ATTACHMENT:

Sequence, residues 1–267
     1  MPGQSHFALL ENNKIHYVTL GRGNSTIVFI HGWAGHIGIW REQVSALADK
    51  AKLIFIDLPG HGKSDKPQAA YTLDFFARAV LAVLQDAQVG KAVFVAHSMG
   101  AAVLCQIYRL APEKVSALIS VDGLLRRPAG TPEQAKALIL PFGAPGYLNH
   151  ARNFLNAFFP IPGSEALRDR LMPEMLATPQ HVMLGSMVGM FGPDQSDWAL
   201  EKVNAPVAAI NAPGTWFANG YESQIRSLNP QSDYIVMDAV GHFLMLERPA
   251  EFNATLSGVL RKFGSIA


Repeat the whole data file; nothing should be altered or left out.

Sequence, residues 1–267
     1  MPGQSHFALL ENNKIHYVTL GRGNSTIVFI HGWAGHIGIW REQVSALADK
    51  AKLIFIDLPG HGKSDKPQAA YTLDFFARAV LAVLQDAQVG KAVFVAHSMG
   101  AAVLCQIYRL APEKVSALIS VDGLLRRPAG TPEQAKALIL PFGAPGYLNH
   151  ARNFLNAFFP IPGSEALRDR LMPEMLATPQ HVMLGSMVGM FGPDQSDWAL
   201  EKVNAPVAAI NAPGTWFANG YESQIRSLNP QSDYIVMDAV GHFLMLERPA
   251  EFNATLSGVL RKFGSIA